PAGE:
Essential versus nonessential. For millions of federal workers, it’s a critical distinction, and one that agency inspectors general are likely to take a close look at once the government shutdown ends.

“There’s a lack of clarity about who constitutes an essential employee and who is not,” said H. David Kotz, inspector general of the U.S. Securities and Exchange Commission from 2007 to 2012 and now a director at the Berkeley Research Group.

Under the Antideficiency Act, only government workers required to deal with emergencies “involving the safety of human life or the protection of property,” are supposed to be on the job, albeit without pay for now. All others are furloughed, a prospect that became more appealing to workers after the House on Saturday voted, 407-0, to give back-pay to those employees.

The penalty for violating the act is substantial. According to the Government Accountability Office, “employees may be subject to appropriate administrative discipline including, when circumstances warrant, suspension from duty without pay or removal from office. In addition, employees may also be subject to fines, imprisonment, or both.”

During the near-shutdown of 2011, Kotz said, SEC managers appeared to “designate as many people as possible in their offices as essential, in an effort to show they were an important division,” he said. “On the other hand, [workers] may want to be nonessential to have what amounts to a free vacation.”

The SEC is still operating, using carryover funds from its fiscal year 2013 budget.

Agencies “need to have good, strong watchdogs and oversight” to make sure they apply the Antideficiency Act correctly, Kotz said.

Some agencies have taken a very strict view of who is essential. At the Federal Communications Commission, for example, only 38 of 1,754 employees are still on the job, according to the agency’s shutdown plan. Those exempted from furloughs include workers who operate a high-frequency antenna system and conduct interference detection and disaster-response operations.

At least two courts, by contrast, have declared that all their employees essential: the U.S. District Court for the Southern District of New York and the U.S. Court of Appeals for the Second Circuit.

Courts don’t have inspectors general and taxpayers likely would lack standing to challenge the decision, said Boris Bershteyn, former general counsel of the Office of Management and Budget, now of counsel at Skadden, Arps, Slate, Meagher & Flom.

“It’s hard to get into the courts to challenge the funding of the courts,” he said. “If an inquiry into the courts’ decision were conducted, a likely forum would be a congressional hearing or investigation. But even that could raise important separation-of-powers questions.”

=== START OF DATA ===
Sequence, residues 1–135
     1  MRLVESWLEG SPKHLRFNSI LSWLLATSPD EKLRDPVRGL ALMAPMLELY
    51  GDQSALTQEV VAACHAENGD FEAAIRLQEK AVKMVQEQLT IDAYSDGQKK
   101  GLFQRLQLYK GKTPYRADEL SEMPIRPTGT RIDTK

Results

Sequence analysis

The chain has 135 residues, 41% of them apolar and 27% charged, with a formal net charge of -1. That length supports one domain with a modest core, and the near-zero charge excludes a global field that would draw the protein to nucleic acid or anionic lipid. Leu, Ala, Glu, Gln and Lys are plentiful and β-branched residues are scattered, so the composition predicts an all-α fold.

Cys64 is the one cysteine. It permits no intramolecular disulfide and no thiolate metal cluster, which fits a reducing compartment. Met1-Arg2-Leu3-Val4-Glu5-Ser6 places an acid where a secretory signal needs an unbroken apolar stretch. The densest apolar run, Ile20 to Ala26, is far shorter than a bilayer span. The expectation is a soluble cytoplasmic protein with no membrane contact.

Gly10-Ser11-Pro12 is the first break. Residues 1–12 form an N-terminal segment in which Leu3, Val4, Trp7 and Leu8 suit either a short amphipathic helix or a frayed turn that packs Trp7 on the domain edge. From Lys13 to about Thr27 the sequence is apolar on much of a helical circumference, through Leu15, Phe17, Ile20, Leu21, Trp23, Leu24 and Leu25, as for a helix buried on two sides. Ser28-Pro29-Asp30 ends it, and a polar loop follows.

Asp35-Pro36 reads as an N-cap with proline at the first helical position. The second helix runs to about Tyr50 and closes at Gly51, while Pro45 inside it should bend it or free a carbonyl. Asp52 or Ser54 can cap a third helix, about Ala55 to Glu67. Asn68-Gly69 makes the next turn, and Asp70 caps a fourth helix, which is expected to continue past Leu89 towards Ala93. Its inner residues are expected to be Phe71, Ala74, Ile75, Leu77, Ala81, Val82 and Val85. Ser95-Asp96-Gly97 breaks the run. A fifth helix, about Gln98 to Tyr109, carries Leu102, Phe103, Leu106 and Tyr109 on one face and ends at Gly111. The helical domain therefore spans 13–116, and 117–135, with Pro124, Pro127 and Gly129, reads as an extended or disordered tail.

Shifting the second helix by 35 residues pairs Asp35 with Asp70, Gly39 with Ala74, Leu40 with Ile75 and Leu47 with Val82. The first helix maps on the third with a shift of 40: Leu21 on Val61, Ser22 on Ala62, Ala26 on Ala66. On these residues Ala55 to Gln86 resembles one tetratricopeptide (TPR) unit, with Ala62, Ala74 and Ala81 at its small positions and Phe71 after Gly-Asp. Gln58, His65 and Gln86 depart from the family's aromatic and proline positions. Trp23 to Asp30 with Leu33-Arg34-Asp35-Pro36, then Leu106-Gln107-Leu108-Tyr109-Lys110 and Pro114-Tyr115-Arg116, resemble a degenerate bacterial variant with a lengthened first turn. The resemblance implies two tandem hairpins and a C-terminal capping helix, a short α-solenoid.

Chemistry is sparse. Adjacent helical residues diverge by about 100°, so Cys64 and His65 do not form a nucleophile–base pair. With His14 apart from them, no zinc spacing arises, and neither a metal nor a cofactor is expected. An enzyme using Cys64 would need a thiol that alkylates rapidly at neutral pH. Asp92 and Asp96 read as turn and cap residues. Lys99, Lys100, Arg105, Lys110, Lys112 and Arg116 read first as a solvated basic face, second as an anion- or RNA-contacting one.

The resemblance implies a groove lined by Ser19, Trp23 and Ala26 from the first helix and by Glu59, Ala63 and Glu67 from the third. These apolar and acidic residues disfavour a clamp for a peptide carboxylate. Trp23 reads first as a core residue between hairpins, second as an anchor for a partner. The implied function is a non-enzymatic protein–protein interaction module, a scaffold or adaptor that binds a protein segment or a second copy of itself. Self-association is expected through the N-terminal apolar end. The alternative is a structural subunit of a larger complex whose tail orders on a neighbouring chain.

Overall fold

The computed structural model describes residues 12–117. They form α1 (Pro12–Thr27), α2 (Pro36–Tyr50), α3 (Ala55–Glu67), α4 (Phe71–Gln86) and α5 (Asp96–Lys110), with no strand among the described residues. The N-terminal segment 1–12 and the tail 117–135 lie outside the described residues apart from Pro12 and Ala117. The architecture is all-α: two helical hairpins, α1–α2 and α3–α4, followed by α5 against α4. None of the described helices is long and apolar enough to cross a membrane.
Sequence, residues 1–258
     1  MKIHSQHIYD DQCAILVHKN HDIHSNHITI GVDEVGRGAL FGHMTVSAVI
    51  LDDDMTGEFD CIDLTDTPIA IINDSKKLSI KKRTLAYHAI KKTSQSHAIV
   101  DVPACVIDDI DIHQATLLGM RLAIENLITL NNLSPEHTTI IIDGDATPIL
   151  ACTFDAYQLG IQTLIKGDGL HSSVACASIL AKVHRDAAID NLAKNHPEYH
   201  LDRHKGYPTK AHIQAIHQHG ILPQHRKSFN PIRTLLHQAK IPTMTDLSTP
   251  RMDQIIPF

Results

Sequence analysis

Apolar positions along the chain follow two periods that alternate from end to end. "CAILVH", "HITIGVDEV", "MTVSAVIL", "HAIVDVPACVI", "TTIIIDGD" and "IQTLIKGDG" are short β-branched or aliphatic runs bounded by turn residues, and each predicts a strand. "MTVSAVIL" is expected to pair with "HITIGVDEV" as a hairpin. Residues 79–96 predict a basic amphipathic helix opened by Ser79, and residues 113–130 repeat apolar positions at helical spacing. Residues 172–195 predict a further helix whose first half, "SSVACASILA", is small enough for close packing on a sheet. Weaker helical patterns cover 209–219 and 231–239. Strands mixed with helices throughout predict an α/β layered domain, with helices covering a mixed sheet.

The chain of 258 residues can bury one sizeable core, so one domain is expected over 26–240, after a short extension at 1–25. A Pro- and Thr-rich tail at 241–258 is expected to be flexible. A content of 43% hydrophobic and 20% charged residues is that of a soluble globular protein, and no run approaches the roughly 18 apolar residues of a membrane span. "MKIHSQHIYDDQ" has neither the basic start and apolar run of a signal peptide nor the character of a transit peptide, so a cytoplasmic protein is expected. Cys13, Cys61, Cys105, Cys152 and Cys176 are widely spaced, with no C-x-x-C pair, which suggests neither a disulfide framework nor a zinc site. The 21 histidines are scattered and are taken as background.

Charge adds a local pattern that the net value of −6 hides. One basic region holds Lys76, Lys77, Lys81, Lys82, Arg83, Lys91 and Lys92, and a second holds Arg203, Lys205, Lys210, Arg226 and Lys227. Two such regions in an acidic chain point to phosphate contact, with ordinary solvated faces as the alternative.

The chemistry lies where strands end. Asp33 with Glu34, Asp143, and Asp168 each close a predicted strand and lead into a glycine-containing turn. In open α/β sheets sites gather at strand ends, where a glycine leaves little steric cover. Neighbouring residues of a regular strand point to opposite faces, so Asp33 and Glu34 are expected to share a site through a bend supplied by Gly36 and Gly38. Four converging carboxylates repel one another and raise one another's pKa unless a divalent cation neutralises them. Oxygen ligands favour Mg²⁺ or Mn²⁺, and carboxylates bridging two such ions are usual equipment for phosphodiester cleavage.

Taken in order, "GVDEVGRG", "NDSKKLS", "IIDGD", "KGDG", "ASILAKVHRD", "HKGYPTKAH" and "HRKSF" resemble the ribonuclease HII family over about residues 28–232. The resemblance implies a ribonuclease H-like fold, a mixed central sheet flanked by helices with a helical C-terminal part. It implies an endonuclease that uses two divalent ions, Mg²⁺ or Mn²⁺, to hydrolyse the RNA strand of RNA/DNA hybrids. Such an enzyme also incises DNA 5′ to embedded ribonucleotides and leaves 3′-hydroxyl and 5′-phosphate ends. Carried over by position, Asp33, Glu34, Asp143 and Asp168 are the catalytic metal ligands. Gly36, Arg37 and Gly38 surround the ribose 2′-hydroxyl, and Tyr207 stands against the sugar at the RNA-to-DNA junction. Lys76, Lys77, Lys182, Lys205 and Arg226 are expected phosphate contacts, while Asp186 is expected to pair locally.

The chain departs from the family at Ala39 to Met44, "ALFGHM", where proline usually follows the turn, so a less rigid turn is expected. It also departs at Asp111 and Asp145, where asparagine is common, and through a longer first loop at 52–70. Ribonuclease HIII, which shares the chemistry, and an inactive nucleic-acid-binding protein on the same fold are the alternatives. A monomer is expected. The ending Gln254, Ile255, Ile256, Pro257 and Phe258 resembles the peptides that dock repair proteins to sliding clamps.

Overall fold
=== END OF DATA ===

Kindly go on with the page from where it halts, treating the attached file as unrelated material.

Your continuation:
As for individual employees, if one wanted to challenge a furlough by arguing that his or her work was (or was not) actually essential, it would be a difficult case to make, Bershteyn said. “It would be an uphill battle, because courts will give a great deal of deference to the judgment of the agencies,” he said “It may not even be a reviewable decision.”

John Mahoney, who leads the labor and employment law practice group at Washington’s Tully Rinckey, said it was unlikely any major litigation would arise from the shutdown when it comes to essential versus nonessential determinations.

Ultimately, the decision is made by the agency head and general counsel’s office in coordination with senior management, but there’s not a lot of wiggle room, Mahoney said.

“Either [they’re] performing one of those essential functions or they’re not,” he said.

The Senate must still authorize back-pay for furloughed workers, but even if that doesn’t happen, the lost pay likely would not be large enough to make it worth the cost of a lawyer to fight that essential/nonessential decision, he said.

Also, if people deemed essential aren’t getting paid on time, they likely would lack standing for a lawsuit because, ultimately, that’s a legislative decision, Mahoney said. “There’s really no dispute the essentials have to be retroactively paid for this time they’re working for free,” Mahoney said.

Another issue Mahoney highlighted was the use of government credit cards for per diem expenses and hotels for travel by essential employees. Federal employees are required to pay those credit card bills on time, so the bills could come in the mail but they wouldn’t have the money to pay.

“If it drags out that long, how are they going to pay their bill?” Mahoney said. “And will they be disciplined if they don’t?”

Contact Jenna Greene at jgreene@alm.com. Todd Ruger contributed to this report.